Nepal's prime minister has called a fresh parliamentary election after warring political parties failed to reach an agreement on a new constitution. The deadline for the new statute passed at midnight on Sunday.
Nepal was plunged into a new phase of political instability on Monday after the government failed to meet a deadline to agree on a new federal structure.
In a bid to defuse the crisis, Prime Minister Baburum Bhattarai announced in a midnight television address to the nation that parliament would be disbanded ahead of an election in November.
"Regressive forces prevented us from writing an inclusive constitution on time," the prime minister said.
"We will make an attempt on November 22 to elect a fresh constituent assembly to make another attempt to write a new constitution, which addresses the aspirations of all the people."
"There is no alternative to fresh elections," he added.
The country's Constituent Assembly, which has doubled as a parliament, was elected in 2008 to write the statute in the wake of a 10-year civil war. It had been hoped that it would put an end to the political instability which has plagued Nepal since the end of the Maoist-led war in 2006 and the subsequent overthrow of the monarchy.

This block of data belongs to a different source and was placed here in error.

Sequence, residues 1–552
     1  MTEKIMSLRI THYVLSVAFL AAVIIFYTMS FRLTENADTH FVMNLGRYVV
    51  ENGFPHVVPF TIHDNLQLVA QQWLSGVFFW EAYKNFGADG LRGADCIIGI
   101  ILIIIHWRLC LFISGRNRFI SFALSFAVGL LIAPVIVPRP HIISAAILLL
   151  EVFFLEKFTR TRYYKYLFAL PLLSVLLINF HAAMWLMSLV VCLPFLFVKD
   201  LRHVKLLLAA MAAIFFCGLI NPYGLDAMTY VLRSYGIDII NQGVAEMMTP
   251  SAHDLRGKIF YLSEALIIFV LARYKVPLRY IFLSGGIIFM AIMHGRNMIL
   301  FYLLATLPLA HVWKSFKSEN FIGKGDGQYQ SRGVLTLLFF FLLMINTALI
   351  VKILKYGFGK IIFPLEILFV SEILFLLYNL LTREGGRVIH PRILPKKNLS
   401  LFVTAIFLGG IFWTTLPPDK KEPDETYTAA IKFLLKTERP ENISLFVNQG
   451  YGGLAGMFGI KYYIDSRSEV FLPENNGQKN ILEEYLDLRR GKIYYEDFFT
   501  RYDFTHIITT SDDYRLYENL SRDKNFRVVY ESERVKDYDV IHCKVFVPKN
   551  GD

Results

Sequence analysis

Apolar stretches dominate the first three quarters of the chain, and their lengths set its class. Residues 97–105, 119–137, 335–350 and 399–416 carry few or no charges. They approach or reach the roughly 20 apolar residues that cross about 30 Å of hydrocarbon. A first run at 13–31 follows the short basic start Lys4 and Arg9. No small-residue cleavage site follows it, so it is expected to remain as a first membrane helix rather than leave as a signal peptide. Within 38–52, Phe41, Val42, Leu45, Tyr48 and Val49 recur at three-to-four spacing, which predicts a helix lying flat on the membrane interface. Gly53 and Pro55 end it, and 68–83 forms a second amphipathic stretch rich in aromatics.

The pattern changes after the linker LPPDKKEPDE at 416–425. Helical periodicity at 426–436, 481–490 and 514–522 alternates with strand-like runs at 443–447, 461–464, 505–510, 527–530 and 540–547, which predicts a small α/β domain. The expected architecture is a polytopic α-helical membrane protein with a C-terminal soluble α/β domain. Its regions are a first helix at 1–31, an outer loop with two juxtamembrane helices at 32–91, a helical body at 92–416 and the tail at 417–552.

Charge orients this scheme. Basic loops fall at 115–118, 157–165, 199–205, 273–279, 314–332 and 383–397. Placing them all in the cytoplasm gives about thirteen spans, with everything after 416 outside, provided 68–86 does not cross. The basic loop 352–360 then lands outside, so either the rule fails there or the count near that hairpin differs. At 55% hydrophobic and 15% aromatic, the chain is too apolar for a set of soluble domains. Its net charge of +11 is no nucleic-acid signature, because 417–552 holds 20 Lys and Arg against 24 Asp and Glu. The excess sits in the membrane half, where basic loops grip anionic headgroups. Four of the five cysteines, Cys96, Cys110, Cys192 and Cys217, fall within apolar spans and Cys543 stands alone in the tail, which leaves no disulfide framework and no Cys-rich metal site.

Ethnic stumbling blocks
Since then political parties have been battling over whether the country should be divided into states along ethnic lines. A lack of consensus meant the assembly's initial two-year term was extended four times with a final deadline set for midnight on Sunday.
The Constituent Assembly will now disband, although the 601-member body will remain functional in its role as parliament until November's vote.
The call by Maoist Prime Minister Bhattarai for fresh elections has been met by fierce opposition from the other members of the ruling coalition. The leaders of the Nepali Congress, the Unified Marxist Leninist party and the United Democratic Madhesi Front, all argued that the elections would be unconstitutional.
"The Maoists were never serious about discussing the major issues in the constitution, which is why we don't have a constitution today," Nepali Congress leader Ram Chandra Poudel said on Sunday.
Earlier, thousands of people from various ethnic and political groups had gathered outside the parliament in Kathmandu as politicians scrambled - in vain - to reach agreement. More than a dozen people were injured when protesters tried to break a security cordon, prompting police to fire tear gas.
ccp/ncy (AFP, Reuters, dpa)